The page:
Bangladesh sees huge FDI potentials

Barriers should be nipped in the bud to attract more foreign investment

It is good to note that considering the country’s prevailing investment-friendly atmosphere and overall development, foreign companies have continued showing their zeal to invest here. Japan, China, Russia, India, Saudi Arabia and many European countries have reportedly signed a large number of contracts to work in Bangladesh.

Foreign direct investment (FDI), the bedrock of Bangladesh’s economic growth, is considered an important motivator of economic development and a principal avenue for the development finance. Over the last 10 years, FDI has been playing an essential role in maintaining the tempo of the current economic development of Bangladesh.

Necessary steps should be taken 

to guarantee better business facilities 

alongside market diversification

Reportedly, the net FDI has increased by almost 245 percent to USD 2.45 in the last 10 years. In 2018, net FDI jumped to $3.61 billion, up by more than 67 per cent from $2.15 million in 2017. Although the FDI inflow declined in 2017, it has increased by 219.47 per cent to $3.61 billion in the last 8 years.

FDI has immensely contributed to reinforcing foreign reserves, creating new job opportunities and increasing labour skills in recent times. There is no denying that all these are the consequences of the government’s earnest endeavours and various time-befitting policies to attract investors and to create a congenial atmosphere for fuelling the FDI inflow.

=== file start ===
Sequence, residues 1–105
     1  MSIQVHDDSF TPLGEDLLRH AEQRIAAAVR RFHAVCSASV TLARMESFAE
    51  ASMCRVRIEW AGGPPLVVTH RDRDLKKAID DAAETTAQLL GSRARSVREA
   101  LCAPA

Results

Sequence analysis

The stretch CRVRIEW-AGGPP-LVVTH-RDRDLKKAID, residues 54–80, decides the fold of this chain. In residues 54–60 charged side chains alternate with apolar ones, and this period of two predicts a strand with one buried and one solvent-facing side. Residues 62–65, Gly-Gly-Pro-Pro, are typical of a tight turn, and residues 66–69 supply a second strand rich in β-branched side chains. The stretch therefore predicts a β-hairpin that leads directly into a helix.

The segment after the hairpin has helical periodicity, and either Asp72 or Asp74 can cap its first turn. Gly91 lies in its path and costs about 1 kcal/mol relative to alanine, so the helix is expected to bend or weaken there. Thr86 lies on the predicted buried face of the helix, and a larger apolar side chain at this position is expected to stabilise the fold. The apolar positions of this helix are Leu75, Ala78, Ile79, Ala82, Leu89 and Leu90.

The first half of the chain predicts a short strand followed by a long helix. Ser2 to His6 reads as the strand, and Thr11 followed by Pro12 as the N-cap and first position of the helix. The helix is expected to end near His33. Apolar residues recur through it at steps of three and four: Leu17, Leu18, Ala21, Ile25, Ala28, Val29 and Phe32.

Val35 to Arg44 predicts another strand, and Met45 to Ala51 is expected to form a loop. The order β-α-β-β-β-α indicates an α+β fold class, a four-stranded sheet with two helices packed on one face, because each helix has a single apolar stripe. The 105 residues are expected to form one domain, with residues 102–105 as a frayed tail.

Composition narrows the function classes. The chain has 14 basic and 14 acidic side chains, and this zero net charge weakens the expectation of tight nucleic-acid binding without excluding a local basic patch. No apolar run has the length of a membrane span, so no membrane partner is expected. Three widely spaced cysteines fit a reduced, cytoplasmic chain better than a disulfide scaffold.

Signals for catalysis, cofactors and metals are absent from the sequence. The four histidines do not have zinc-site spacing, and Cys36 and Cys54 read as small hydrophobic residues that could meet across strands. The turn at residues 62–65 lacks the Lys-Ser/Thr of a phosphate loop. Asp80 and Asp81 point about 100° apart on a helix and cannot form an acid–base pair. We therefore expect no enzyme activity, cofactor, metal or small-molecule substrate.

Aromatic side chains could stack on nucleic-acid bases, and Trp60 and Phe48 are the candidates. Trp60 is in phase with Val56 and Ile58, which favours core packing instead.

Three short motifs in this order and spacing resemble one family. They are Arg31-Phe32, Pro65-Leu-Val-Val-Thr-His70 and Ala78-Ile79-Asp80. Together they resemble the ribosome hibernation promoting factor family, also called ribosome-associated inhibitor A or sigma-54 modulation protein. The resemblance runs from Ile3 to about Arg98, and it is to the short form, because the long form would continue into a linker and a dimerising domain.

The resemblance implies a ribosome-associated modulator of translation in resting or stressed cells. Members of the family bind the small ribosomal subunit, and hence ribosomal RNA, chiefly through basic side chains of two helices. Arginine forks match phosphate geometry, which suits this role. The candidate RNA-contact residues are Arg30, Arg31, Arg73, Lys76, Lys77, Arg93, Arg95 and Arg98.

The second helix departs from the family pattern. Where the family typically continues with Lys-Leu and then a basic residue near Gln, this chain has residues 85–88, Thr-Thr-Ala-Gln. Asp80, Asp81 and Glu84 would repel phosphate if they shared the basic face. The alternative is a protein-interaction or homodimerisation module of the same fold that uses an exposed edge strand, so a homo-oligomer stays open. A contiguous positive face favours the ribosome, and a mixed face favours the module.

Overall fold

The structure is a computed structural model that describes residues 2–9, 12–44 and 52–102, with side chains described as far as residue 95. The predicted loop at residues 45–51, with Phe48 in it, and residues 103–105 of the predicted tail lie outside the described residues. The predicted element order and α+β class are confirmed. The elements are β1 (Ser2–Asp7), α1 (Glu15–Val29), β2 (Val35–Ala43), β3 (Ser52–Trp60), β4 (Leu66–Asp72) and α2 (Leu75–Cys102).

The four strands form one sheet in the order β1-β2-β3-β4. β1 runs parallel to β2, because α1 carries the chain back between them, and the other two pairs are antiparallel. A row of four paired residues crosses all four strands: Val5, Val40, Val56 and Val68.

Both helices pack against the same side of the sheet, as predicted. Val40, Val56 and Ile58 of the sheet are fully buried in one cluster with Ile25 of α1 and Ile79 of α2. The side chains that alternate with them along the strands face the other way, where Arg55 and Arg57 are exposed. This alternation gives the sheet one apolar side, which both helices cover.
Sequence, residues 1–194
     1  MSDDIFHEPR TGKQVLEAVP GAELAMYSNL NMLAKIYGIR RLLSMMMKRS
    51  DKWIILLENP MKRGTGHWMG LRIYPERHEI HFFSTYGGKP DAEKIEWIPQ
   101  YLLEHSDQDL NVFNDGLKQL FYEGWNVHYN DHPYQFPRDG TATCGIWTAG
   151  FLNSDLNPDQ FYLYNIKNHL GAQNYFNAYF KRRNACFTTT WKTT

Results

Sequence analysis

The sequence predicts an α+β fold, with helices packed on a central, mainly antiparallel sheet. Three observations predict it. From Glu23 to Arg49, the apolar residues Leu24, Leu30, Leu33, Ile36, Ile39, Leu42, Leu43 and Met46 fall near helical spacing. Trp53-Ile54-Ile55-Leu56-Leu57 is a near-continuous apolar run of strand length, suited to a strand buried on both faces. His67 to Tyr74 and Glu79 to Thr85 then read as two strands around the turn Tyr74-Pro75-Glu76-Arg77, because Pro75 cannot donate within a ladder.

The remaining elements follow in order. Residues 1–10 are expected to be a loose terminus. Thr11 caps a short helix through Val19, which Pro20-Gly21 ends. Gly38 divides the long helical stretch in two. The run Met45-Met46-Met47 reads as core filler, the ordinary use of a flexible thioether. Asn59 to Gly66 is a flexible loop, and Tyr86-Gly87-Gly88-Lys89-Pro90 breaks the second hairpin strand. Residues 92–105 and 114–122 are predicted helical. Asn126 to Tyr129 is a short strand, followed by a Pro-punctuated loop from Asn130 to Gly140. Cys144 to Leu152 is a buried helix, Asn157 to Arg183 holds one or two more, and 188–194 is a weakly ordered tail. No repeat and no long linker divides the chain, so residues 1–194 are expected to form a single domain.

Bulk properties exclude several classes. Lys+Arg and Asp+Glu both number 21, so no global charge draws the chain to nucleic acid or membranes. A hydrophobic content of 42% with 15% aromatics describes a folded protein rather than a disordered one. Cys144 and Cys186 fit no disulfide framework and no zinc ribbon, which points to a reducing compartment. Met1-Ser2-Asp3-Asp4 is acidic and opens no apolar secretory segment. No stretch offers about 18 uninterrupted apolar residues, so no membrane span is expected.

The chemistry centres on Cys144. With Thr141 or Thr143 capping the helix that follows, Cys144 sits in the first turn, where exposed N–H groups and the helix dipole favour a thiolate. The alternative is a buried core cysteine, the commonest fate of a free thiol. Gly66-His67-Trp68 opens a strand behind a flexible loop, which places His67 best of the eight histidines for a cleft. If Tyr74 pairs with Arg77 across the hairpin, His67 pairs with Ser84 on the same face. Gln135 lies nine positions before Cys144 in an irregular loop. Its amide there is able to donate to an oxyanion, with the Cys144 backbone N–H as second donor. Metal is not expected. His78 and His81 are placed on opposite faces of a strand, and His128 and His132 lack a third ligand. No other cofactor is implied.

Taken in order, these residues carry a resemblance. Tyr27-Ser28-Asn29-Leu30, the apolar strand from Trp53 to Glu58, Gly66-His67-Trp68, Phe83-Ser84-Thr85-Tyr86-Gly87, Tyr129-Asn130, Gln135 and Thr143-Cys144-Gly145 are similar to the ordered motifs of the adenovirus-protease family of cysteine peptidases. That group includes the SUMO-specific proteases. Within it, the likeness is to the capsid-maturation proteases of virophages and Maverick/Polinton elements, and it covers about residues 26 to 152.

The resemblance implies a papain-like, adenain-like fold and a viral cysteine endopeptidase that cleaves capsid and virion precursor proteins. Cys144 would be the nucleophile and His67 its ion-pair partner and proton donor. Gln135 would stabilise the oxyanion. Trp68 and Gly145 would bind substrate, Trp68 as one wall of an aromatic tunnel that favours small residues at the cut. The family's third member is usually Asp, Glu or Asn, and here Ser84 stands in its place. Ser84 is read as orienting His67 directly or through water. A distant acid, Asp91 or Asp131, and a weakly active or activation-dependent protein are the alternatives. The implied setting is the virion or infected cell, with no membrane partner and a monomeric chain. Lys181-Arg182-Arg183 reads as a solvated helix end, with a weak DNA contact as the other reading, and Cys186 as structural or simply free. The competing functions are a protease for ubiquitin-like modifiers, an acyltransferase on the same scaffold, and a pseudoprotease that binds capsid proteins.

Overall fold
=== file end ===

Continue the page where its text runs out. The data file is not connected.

Though the FDI has been increasing over the years, experts say that yet there is room for further investment in the coming days, especially in the post-corona era. In this regard, special attention should be given to ensure better business facilities alongside market diversification to attract more foreign investors. Also business-friendly environment, taxation reform and long-term policy are needed to attract them.

The government is providing continuous support for increasing FDI inflow and has already completed standard operation measures for providing smooth services to attract more foreign investors. It is mentionable that the incumbent government pursues the most liberal investment policy in South Asia which incorporates protection of FDI by law and duty-free import of raw materials.

The country currently has no electricity and gas problems. Following the other Asian countries which have been able to attract massive FDI, Bangladesh should take immediate steps to develop more infrastructures, build more skilled workforce, improve connectivity and encourage high-tech for a sustainable economic growth.